also a local sculls champion. His 1920 entry into the English Diamond
Sculls at the Henley Regatta was refused, however, because he ''worked
with his hands'' -a manual laborer. Supposedly, he immediately sent
his sweaty rowing cap to the King of England as a souvenir.
The incident made Mr. Kelly a Philadelphia celebrity. He left
bricklaying and became a contractor, made money, and raised his family
in the comfortable suburb of Germantown. His wife, Margaret, was a
celebrated beauty, who, before her marriage, worked as a
Princess Grace was the third of their four children. There was an
older sister, Margaret, and an older brother, John B. Kelly Jr., who,
in 1947 and 1949, would win the Henley sculls championship that had
been denied his father. The victories, of course, added immeasurably
to the family mystique.
In later years, most stories about Princess Grace described her as a
shy, withdrawn child, despite her family's luster. Besides her
successful father, there were her successful uncles: George Kelly, a
Pulitzer Prize-winning playwright, and Walter C. Kelly, a famous
'Inner Tranquility' Noted
''She was a shy child, but there was a kind of inner tranquility and
quiet resourcefulness,'' Mrs. Kelly said about her daughter years
later. ''She never minded being kept in bed and would sit there with
her dolls for hours on end making up little plays. Grace would change
her voice for each doll, giving it a different character.''
Meanwhile, the Kellys continued to prosper. Mr. Kelly, who lost an
election for Mayor of Philadelphia in 1935, reportedly had entered the
contracting business with a loan of $7,000; by the mid-1950's, when
his daughter was already famous as an actress, his wealth was
estimated at $18 million.
As a child, Grace attended the Ravenhill Academy, a convent school,
and then the Stevens School, where she was graduated in 1947. She
applied to Bennington College in Vermont because of its drama
department, but was denied admission, apparently because she lacked
sufficient academic credits. As an alternative, she applied to, and
was accepted by, the American Academy of Dramatic Art in New York. She
left Germantown forever, and moved into the Barbizon Hotel for Women.
Last April she returned to Philadelphia to be honored in ceremonies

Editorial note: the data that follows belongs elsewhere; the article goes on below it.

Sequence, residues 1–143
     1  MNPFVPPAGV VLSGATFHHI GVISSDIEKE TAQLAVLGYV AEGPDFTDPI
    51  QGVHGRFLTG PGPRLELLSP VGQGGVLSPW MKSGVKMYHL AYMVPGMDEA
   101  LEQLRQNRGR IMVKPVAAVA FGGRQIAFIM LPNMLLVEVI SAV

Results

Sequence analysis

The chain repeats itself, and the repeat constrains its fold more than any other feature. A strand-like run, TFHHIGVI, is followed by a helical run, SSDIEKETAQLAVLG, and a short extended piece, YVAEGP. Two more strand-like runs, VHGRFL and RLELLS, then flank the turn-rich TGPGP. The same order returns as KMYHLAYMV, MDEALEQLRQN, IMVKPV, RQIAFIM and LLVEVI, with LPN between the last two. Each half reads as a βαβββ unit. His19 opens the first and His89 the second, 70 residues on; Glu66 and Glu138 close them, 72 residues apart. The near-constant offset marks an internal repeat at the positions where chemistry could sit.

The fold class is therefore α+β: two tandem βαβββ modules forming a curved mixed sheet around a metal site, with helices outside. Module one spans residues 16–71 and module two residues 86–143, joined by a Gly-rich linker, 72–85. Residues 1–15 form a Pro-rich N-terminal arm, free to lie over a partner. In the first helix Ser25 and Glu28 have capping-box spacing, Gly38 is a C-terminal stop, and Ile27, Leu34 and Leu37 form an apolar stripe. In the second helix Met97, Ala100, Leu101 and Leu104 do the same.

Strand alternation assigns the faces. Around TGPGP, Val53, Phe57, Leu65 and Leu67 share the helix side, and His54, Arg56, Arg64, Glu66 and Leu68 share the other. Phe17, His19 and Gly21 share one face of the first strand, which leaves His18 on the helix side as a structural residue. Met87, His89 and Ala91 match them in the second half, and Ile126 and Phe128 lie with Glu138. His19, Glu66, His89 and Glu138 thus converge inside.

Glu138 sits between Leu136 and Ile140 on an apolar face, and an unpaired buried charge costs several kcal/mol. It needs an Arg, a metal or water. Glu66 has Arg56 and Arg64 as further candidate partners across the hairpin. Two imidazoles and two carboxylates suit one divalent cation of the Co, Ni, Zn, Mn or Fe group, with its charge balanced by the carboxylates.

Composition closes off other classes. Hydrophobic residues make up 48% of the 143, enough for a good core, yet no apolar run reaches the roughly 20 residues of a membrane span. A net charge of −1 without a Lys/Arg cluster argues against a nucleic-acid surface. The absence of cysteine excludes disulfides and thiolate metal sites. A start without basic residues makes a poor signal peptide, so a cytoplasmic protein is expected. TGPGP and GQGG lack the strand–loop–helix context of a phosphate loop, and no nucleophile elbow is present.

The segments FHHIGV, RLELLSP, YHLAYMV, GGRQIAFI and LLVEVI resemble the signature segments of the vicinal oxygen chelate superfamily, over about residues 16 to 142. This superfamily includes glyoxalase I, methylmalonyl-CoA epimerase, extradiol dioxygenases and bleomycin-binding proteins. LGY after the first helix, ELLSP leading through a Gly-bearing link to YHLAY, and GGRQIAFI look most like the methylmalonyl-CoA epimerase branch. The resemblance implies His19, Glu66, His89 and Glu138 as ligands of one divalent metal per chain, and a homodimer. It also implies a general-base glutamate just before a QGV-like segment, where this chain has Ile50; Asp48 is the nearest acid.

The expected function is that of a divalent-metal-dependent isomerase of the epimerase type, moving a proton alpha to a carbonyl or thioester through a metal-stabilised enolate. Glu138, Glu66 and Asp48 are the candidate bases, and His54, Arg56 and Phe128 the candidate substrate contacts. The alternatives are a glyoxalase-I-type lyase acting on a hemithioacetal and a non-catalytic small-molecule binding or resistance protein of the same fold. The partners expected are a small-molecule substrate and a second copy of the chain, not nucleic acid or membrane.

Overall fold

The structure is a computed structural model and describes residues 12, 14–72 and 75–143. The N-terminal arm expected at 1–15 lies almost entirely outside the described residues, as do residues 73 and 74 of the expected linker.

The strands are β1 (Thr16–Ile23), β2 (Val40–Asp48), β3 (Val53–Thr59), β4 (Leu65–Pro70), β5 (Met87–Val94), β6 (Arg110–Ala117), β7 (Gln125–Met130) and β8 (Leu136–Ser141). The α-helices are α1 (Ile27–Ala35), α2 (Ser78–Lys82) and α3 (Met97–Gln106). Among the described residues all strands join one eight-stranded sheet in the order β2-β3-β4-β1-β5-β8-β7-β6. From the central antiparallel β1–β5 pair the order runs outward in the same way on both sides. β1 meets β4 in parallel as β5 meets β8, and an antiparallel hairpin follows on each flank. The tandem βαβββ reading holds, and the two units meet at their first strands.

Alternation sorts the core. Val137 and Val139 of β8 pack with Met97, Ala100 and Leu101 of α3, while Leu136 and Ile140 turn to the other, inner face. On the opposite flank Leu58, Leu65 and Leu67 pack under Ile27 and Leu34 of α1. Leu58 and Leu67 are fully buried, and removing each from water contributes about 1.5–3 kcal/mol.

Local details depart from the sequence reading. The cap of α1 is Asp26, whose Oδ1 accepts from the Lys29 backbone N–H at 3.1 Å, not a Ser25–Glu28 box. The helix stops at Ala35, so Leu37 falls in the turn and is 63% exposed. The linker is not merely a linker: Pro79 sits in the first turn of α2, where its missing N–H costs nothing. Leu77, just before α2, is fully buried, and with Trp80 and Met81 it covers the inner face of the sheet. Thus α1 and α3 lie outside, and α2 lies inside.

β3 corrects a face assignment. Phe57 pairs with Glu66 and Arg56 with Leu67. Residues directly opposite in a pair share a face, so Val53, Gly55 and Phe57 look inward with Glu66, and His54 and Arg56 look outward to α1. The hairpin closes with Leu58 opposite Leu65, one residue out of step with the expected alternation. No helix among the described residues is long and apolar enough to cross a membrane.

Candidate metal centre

that were part of the city's celebration of its 300th anniversary.
That the city still regarded her as one of its own was apparent in
remarks made by Mayor William Green upon the news of her death. ''She
was, and is, Philadelphia's once-and-always first lady,'' Mr. Green
After leaving Germantown Miss Kelly studied acting, and, as had her
mother before her, she became a photographer's model. In July 1949 she
made her professional debut at the Bucks County Playhouse in New Hope,
Pa., in a revival of George Kelly's comedy ''The Torch Bearers.'' On
Nov. 16, 1949, she made her Broadway debut as the Captain's daughter
in Strindberg's ''The Father'' at the Cort Theater.
By then, Miss Kelly was developing the coolness and beauty that would
make her famous. ''We noticed that her voice was beginning to
change,'' her mother said. ''Instead of her old nasal whine, she was
speaking in a lower, gentler register. Her sisters would make fun of
her, but she would say, 'I must talk this way - for my work.' They saw
that she was serious and stopped joking.''
Frequent Television Appearances
Meanwhile, Miss Kelly began appearing frequently on television,
usually in dramatic series: ''The Philco Television Television
Playhouse,'' ''Studio One,'' ''The Hallmark Hall of Fame,'' ''The
Somerset Maugham Theater,'' ''The Lux Video Theater,'' ''Robert
Montgomery Presents'' and ''The Armstrong Circle Theater.''
Miss Kelly made her movie debut in 1951, with a small part in a film
called ''Fourteen Hours.'' That summer she also joined the Elitch
Gardens Theater in Denver, appearing in a number of plays. She was
also cast in what was to be her first major success: the movie ''High